Friday, April 23, 2021

Paris of the 1960s comes to oddball life in Ulrike Ottinger's PARIS CALLIGRAMES


A calligram, according to Wikipedia, is text arranged in such a way that it forms a thematically related image.  TrustMovies is not sure he actually saw a calligram in any of the many works of artist/filmmaker Ulrike Ottinger on display in her new documentary, PARIS CALLIGRAMMES

But perhaps she means her film itself to be a kind of calligram, with her voiced text acting in coordination with the often quite wonderful visuals she presents of the city of Paris that existed when Ottinger first came to live there during the transitional/tumultuous 1960s. 

Upon finishing this over-two-hour-long film, I was initially struck by the fact that I'd very much enjoyed the whole experience, even though I didn't much care for the snippets of her own films that Ottinger -- shown above on the poster as a young woman and at left in current times (yes, she likes sunglasses) -- includes throughout. 

Her colorful, humorous visual art itself is often fun, usually interesting and sometimes provocative. And one would have to have seen her films in their entirety to make any truly informed judgment. 

Yet the beauty, charm and intelligence of this documentary comes through via Ottinger's unusual combination of nostalgia for a lost time and place, and her adamant stance regarding art, artists and in particular those famous student demonstrations of the late 1960s (she seems wisely anti the violent police behavior, as well as some of the students' stupid and sleazy shenanigans).

Ottinger seems particularly taken with (as so many of us were) the work and career of wife/husband acting/producing team of Madeleine Renaud and Jean-Louis Barrault  (RemorquesLes enfants du paradis, etc. ), as well as by so many of the artists of that day (and much earlier, too). The filmmaker has a keen sense of history, particularly regarding French colonialism, and the documentary is simultaneously a love letter to the enchantments of Paris and a hard, repeated slap in the face to France itself.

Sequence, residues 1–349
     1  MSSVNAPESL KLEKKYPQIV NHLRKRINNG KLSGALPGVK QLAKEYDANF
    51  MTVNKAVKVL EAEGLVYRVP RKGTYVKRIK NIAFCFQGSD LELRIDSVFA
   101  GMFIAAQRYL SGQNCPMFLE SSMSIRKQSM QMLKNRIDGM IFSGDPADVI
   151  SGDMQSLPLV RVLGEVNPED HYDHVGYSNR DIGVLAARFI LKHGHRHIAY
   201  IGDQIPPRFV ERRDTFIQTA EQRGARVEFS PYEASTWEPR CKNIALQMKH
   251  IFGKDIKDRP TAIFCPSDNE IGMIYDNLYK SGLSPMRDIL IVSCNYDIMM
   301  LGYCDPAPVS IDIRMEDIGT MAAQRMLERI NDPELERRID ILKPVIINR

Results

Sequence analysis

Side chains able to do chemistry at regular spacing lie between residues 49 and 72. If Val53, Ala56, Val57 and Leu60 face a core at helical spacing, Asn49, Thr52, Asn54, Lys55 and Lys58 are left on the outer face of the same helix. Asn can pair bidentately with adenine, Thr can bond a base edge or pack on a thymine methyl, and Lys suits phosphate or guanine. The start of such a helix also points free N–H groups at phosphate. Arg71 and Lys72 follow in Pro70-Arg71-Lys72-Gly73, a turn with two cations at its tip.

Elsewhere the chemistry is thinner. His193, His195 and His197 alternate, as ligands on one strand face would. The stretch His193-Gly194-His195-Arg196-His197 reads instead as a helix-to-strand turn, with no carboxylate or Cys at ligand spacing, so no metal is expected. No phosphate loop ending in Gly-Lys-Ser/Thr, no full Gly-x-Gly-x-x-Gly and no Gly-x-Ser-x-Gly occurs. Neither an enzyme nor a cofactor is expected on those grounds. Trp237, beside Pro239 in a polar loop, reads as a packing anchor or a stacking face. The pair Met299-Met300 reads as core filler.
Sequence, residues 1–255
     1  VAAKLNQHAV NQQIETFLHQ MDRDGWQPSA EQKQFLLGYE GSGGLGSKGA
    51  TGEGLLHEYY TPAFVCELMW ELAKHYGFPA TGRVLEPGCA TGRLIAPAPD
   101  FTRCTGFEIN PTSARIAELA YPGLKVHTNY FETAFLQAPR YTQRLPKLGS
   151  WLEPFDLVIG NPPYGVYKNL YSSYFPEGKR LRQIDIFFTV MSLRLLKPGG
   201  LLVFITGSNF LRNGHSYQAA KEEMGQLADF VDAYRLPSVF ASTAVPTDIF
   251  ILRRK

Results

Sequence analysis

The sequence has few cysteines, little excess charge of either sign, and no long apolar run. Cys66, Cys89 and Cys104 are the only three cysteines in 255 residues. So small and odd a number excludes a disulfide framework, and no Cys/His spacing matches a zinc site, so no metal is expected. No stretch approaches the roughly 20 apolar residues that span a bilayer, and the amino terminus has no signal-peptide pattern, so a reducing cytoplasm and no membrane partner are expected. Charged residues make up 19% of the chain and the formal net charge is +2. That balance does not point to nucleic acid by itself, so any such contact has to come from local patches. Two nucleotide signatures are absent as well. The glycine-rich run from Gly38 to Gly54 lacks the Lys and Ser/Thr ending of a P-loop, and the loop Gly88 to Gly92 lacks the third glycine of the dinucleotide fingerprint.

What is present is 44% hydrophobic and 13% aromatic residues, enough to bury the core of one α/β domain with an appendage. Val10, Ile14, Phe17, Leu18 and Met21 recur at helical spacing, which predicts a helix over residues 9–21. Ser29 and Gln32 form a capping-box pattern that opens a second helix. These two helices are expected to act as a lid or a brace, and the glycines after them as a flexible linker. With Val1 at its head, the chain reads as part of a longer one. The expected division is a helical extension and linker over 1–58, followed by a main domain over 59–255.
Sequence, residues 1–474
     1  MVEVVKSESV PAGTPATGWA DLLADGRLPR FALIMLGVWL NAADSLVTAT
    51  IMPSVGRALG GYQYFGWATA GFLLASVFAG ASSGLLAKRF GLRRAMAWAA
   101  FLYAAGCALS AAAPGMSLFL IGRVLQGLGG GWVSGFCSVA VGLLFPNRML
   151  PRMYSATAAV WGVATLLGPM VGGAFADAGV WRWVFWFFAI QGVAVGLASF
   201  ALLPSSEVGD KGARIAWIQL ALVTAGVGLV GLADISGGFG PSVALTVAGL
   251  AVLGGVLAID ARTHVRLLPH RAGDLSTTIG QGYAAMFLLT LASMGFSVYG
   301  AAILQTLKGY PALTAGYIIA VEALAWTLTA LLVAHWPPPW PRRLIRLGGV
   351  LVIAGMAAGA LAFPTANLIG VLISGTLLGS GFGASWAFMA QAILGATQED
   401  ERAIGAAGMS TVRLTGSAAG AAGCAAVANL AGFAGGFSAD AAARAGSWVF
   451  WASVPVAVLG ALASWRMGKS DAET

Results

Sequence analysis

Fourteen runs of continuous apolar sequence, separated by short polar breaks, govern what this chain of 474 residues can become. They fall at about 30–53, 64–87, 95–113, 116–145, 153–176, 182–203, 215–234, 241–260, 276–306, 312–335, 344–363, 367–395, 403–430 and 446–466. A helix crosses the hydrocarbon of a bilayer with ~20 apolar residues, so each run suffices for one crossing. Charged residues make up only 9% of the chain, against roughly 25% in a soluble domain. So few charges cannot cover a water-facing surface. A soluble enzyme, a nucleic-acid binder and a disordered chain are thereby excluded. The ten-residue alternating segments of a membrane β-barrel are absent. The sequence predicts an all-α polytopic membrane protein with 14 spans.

The filmmaker's interests are wide-ranging, even if, of course, they come back again and again to art and cinema. Yet we spend as much time at the gorgeous, horrific Colonial Museum, as at the Cinémathèque Française, and we move from Algeria as the topic of both art and conversation to Vietnam.

Particularly interesting is how Ottinger weaves modern-day views with footage of Paris in the 60s; there's a wonderful scene in and around a hair salon for blacks that seems to span three generations. Another section details Fritz Picard and an antiquarian bookstore. In her views on how to convert experience into art, Ottinger is both generous and buoyant.

Among the examples of her art, my favorite is one of Allen Ginsberg cut into puzzle pieces. Ottinger tells us that, at its debut, she disassembled all the pieces, tossed them into air, and let the audience put them together again. Ballsy chick!

Even if you've never been to Paris but only seen and heard of its wonders secondhand, I suspect Paris Calligrammes will interest, amuse and bemuse you in equal measure. From Icarus Films, running 131 minutes, and featuring a very fine English narration from the beautifully husky-voiced Jenny Agutter, the documentary opens this Friday, April 23, in New York City at Film Forum on virtual cinema and then, April 30, will have a limited engagement at theaters nationwide. To view all scheduled theater screenings, click here and then scroll down to the "P" section.

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